Several cases being considered by the Supreme Court and a slew of other cases being heard throughout the country could point toward a radical change in US politics. For years, the issue of partisan gerrymandering has been swept under the rug, in a process of constant deferral. Ever since Davis v. Bandemer, Justices have found it difficult to overcome the high bar set by 7 out of 9 Justices in that case. According to Bandemer, the gerrymandered map being considered by the court did not visit “sufficiently adverse effect[s]” on the Democrats, so even though Justices agreed the map was gerrymandered, it still could not be shown that it in fact violated the Equal Protection Clause of the Fourteenth Amendment. However, the Justices held that partisan gerrymandering claims were indeed justiciable under the Equal Protection Clause – meaning, they agreed the Supreme Court could hear such cases. Justices asserted the following: “[a] threshold showing of discriminatory vote dilution is required for a prima facie case of an equal protection violation.”
The Search for a Standard
Thus, for decades, Justices have failed (or refused) to determine such a threshold. In the 2004 split decision, Vieth v. Jubelirer, Justice Anthony Kennedy – famous for his moderate jurisprudence – suggested, in his concurring opinion, that such a formula was possible. If Justices could find one, he said, they should consider the question of partisan gerrymandering once again. That question has emerged with full force in Gill v. Whitford and Benisek v. Lamone, two cases currently being considered by the highest court.
Oral arguments for Whitford, carried out this past October, centered around Justice Kennedy’s suggestion in Vieth: that Justices should agree upon a manageable standard, one that could ultimately settle the matter in a judicially objective manner. There was much back and forth about the possibility of such a standard, with Chief Justice John Roberts flat out refusing to accept that the Court should even consider such a case and Justice Samuel Alito expressing doubts about the “efficiency gap,” a standard offered by the challengers to determine the presence of partisan gerrymandering. According to its proponents, the efficiency gap counts wasted votes in gerrymandered districts, meaning it determines which votes are rendered pointless by the gerrymandered redistricting map. A lot depends on whether the Justices deem this standard sufficient for pinpointing unconstitutional gerrymandering. Despite Roberts’ vehemence and Alito’s skepticism, legal writer Amy Howe cautiously asserted, in a post on the Scotus Blog, that there might be cause for optimism for those challenging the map, a group of Wisconsin Democrats.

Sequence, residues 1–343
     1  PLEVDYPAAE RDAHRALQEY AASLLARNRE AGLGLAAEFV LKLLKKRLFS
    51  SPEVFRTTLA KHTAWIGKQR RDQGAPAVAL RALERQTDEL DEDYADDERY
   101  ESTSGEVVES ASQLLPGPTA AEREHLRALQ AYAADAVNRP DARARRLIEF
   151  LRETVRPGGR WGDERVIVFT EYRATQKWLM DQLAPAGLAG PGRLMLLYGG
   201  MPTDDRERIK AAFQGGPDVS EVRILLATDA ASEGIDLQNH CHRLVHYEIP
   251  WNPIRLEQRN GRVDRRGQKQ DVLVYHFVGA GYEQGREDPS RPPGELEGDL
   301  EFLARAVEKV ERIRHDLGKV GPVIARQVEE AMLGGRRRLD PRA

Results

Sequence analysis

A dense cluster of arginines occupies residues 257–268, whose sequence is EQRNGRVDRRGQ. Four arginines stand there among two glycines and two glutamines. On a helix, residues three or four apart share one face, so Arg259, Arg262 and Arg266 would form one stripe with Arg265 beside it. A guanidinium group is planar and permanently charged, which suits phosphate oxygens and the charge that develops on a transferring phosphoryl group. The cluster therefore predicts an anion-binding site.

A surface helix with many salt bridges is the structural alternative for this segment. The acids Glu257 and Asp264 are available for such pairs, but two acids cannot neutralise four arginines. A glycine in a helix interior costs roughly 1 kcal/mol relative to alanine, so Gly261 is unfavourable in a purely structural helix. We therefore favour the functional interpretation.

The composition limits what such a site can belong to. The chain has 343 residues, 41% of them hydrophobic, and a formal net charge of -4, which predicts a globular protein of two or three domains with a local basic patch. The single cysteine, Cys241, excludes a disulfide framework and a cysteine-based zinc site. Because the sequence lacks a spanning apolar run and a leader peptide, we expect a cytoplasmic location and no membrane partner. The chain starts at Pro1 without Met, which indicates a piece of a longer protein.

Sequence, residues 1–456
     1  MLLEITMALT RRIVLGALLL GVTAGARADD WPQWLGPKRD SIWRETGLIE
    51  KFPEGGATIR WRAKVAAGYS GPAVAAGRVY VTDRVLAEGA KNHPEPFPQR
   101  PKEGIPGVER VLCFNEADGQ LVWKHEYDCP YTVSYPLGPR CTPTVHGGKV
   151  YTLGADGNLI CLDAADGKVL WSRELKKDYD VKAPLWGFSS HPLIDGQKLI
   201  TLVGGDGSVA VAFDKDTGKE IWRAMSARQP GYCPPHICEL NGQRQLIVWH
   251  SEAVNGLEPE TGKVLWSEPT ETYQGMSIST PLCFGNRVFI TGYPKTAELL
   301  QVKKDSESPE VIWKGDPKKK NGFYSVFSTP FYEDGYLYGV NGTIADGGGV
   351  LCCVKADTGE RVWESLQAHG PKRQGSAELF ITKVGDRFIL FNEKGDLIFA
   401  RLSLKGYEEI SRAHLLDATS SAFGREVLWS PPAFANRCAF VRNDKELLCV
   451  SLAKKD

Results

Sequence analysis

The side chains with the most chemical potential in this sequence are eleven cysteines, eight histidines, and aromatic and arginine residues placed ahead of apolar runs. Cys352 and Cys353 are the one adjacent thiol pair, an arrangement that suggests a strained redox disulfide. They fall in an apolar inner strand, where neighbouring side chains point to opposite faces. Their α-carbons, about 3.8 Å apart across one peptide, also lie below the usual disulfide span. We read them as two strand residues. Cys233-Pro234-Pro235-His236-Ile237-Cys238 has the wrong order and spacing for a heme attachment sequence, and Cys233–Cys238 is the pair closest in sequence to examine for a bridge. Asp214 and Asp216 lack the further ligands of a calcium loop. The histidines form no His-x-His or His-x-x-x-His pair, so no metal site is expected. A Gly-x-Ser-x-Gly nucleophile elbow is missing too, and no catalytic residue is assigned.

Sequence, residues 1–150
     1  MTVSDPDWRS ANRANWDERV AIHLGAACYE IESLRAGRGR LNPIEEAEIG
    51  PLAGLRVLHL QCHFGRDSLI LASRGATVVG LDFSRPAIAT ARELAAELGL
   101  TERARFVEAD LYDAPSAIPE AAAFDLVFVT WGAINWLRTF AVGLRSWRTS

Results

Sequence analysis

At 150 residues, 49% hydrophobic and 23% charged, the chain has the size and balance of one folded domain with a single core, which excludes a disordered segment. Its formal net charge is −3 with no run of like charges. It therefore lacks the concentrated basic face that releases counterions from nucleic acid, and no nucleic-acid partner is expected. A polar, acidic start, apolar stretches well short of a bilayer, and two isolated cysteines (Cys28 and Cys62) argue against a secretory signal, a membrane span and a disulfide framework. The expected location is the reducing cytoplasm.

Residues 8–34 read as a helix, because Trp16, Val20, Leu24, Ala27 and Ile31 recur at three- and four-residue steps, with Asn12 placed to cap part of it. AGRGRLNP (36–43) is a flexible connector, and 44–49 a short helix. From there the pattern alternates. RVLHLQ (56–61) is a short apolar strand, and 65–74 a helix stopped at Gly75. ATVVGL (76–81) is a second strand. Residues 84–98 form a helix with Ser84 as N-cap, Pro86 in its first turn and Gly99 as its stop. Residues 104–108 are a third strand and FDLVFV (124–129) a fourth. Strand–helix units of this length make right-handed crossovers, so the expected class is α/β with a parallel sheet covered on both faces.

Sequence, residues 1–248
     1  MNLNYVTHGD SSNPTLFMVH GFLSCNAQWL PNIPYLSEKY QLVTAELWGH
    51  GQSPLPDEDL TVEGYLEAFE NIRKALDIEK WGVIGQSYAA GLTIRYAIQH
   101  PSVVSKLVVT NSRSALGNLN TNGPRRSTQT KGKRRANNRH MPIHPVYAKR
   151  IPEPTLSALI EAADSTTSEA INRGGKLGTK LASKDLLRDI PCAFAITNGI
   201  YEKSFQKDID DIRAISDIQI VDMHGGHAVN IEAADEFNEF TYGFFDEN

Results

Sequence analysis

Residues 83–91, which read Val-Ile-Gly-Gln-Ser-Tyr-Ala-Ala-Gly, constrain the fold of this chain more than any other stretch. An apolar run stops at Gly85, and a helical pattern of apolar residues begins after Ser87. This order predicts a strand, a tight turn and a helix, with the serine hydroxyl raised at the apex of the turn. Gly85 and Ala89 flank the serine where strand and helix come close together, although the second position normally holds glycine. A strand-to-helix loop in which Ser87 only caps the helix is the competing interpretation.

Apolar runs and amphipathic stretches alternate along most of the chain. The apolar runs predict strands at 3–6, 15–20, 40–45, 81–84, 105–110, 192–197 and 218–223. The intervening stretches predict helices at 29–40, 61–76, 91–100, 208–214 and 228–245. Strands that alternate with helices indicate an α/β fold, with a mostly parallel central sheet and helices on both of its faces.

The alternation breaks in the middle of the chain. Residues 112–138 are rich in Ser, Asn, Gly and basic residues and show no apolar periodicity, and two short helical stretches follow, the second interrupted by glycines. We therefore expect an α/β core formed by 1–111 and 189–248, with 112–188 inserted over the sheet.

Justices will hear oral arguments for Lamone in March, at which point they will take up similar questions but this time from another political party’s point of view. Republicans in Maryland have been pushing to overturn a redistricting map drawn in 2011 that, they claim, benefits Democrats in one district. Plaintiffs, in this case, will argue their claims using the First Amendment, rather than the Equal Protection Clause.
Several motions have been filed at the Supreme Court, including one from Pennsylvania, where partisan gerrymandering has been notoriously bad. On January 18th, the State Supreme Court issued an order to redraw the redistricting map after deciding it was designed in favor of Republicans, who hold 12 of 18 US House Congressional seats in that state. The Republican defendants immediately filed an Emergency Application for Stay at the Supreme Court. If the Supreme Court rejects the stay, Democrats could see favorable results in Pennsylvania during the next election.
In total, eight states have cases pertaining to the question of partisan gerrymandering. In North Carolina, a three-judge panel rejected a redistricting map, saying, “We agree with Plaintiffs that a wealth of evidence proves the General Assembly’s intent to ‘subordinate’ the interests of non-Republican voters and ‘entrench’ Republican domination of the state’s congressional delegation.” That decision marked the first time a federal court rejected a redistricting map on the basis of partisan gerrymandering. The Supreme Court has since stayed the lower courts’ ruling while the legislative defendants file an appeal at the highest court.
With so many cases in the works and a historic decision in North Carolina, those against partisan gerrymandering may have cause to be slightly optimistic about the future of electoral politics in this country.